Have you been super forgetful lately, losing your keys all the time? Does your brain feel foggy? Do your joints hurt? Have you been struggling with losing weight, no matter how little you eat and how much you exercise?
These symptoms may seem unrelated, but actually indicate a compromised digestive system. The health of your digestive tract impacts your overall well-being, from how well your brain functions, to your weight, hormone regulation, mood, and how often you get sick. Having a damaged gut, commonly referred to as “leaky gut syndrome,” causes more than just problems with digestion. It affects your entire body (1). So, how do you know if your symptoms are caused by a leaky gut?
What is Leaky Gut?
First, it’s important understand leaky gut syndrome and how it causes seemingly unrelated symptoms. In simple terms, it’s damage to your intestinal lining. All along the gut wall are little gateways called tight junctions. When these tight junctions function normally, they keep bad things out (viruses, bacteria, harmful toxins), and allow good nutrients into the bloodstream. But, when the tight junctions are not doing their job, all sorts of havoc ensues. The tight junctions can loosen up, not holding anything back, leading to what is called leaky gut syndrome or “intestinal permeability,” (2). When this happens, partially digested food particles, toxins, viruses and bacteria freely enter the bloodstream.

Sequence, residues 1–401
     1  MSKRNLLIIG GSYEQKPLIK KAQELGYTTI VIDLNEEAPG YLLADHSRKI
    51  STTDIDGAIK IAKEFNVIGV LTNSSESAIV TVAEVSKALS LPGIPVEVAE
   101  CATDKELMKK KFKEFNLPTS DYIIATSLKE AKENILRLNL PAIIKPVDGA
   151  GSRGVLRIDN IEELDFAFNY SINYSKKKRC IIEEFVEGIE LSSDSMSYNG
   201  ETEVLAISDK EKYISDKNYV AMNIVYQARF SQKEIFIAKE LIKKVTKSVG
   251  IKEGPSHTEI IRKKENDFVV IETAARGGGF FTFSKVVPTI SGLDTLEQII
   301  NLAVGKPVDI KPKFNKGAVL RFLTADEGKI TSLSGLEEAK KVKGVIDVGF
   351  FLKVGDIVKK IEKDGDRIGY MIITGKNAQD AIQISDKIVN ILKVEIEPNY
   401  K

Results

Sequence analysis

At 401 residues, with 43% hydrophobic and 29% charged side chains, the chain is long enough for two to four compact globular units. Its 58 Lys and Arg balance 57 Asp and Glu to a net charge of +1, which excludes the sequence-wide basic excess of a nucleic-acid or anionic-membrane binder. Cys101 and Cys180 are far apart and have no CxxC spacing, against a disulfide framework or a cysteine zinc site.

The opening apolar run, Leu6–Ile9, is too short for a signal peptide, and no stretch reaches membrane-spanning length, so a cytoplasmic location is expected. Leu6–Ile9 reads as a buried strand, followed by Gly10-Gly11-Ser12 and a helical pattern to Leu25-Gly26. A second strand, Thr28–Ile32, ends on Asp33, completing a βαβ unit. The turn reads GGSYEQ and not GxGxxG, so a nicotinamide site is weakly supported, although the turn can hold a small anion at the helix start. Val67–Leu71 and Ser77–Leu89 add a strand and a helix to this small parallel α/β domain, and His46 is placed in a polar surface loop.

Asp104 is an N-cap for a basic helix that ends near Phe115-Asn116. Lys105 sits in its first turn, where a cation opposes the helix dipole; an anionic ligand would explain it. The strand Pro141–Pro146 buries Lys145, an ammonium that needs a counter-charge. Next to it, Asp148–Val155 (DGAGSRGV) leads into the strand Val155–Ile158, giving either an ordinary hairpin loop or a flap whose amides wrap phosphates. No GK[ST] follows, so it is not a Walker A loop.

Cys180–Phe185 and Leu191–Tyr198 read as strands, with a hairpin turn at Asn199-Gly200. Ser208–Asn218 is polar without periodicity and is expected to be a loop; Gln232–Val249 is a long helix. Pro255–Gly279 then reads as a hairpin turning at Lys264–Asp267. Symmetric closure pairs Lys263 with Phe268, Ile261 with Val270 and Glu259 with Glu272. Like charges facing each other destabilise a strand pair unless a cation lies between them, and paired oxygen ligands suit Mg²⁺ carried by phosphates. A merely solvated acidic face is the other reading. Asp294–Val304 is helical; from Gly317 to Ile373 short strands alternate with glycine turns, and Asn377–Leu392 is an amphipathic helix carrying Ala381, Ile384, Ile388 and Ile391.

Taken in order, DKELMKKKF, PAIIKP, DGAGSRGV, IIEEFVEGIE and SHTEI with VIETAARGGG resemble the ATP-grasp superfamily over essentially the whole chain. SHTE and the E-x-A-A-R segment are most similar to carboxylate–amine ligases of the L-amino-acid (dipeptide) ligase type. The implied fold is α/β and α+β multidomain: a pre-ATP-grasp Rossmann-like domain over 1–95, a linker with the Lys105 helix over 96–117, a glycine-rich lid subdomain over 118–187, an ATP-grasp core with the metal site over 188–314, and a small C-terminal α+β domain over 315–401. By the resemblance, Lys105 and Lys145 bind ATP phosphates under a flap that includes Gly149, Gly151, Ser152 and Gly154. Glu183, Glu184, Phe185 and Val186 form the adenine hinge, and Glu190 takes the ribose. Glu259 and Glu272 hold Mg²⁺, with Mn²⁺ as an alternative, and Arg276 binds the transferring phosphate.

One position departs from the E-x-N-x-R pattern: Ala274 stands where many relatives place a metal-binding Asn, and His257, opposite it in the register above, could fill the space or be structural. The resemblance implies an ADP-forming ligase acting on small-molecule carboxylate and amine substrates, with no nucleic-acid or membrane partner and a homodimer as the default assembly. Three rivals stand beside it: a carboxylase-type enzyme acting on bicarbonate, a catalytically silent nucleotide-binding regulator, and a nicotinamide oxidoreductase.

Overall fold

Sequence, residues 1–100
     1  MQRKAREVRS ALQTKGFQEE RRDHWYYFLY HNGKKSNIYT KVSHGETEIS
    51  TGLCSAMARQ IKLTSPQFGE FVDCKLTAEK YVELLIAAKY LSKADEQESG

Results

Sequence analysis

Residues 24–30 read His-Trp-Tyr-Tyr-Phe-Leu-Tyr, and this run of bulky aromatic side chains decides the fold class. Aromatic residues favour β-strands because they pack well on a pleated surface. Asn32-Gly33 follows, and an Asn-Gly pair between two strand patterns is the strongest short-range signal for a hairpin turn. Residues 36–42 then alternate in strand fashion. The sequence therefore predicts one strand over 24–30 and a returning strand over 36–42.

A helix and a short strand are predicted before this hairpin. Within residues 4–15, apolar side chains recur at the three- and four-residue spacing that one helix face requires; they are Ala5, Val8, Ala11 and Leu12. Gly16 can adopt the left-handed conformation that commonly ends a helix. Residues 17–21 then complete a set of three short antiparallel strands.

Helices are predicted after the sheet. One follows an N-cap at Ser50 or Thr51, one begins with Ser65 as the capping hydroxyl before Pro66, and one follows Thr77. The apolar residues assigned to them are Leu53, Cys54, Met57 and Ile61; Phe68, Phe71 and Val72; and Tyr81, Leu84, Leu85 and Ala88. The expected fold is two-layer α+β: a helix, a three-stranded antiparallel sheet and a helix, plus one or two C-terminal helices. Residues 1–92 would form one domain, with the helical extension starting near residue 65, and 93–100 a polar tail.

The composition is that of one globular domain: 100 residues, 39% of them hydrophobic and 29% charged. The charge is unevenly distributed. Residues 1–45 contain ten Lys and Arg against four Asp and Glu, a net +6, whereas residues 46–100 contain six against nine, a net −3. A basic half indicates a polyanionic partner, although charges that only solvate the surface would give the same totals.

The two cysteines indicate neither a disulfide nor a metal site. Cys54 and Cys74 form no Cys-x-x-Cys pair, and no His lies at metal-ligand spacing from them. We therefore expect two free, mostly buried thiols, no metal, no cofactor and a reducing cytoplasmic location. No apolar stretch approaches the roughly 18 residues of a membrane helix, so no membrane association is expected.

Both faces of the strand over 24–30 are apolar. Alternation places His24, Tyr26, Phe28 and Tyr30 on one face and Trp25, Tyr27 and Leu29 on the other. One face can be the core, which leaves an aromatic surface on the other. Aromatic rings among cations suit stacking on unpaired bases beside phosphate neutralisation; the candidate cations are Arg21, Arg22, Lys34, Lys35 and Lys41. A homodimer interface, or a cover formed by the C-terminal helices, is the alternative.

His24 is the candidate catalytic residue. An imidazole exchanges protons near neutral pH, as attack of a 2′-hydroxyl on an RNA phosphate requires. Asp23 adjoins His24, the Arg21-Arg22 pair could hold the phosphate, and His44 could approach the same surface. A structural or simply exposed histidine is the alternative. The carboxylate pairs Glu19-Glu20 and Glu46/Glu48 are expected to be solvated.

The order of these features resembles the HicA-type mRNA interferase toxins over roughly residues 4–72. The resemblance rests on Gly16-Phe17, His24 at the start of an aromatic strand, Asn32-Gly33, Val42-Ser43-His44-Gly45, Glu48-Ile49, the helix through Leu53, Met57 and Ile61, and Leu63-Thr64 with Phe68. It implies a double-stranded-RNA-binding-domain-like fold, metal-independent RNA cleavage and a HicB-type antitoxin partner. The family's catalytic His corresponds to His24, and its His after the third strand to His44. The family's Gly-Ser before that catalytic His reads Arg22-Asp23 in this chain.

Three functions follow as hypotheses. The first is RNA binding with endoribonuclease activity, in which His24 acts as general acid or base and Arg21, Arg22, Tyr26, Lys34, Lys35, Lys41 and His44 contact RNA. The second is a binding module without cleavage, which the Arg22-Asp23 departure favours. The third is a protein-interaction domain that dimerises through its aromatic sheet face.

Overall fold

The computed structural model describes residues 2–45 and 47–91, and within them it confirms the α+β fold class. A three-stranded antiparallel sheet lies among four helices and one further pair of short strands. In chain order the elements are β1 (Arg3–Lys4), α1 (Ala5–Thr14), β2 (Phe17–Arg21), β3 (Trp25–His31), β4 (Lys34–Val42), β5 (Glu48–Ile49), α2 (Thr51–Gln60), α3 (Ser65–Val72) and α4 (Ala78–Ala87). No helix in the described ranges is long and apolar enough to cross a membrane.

When the flood gates are opened and bad things leak through, these foreign substances in the blood cause the immune system to react, thinking it is under attack. This leads to it initiating an inflammatory response, pretty similar to what it would do to help your body heal an injury. Immune cells are called to action and sound the alarm that something is really wrong. This is fine if there really is a damaging substance to fight. If once the battle is over the soldiers go back to their barracks, the body would handle it. But with leaky gut, the struggle is constant. The body is always fighting. This leads to a chronic, body-wide immune response, called systemic inflammation (3).
The surprising thing is that the inflammation doesn’t just stay inside or around your GI tract. The inflammation affects all areas of the body, even those that seem like they would be completely unrelated or are located far away from the gut. Immune cells that are constantly activated begin to turn on the body’s own tissues, leading to damage and illness. This type of inflammation has been linked to almost every chronic disease, from diabetes and heart disease, to cancer. But, since the symptoms caused by inflammation are so varied, it makes leaky gut syndrome hard to diagnose, and a bit of a mystery to most doctors (4).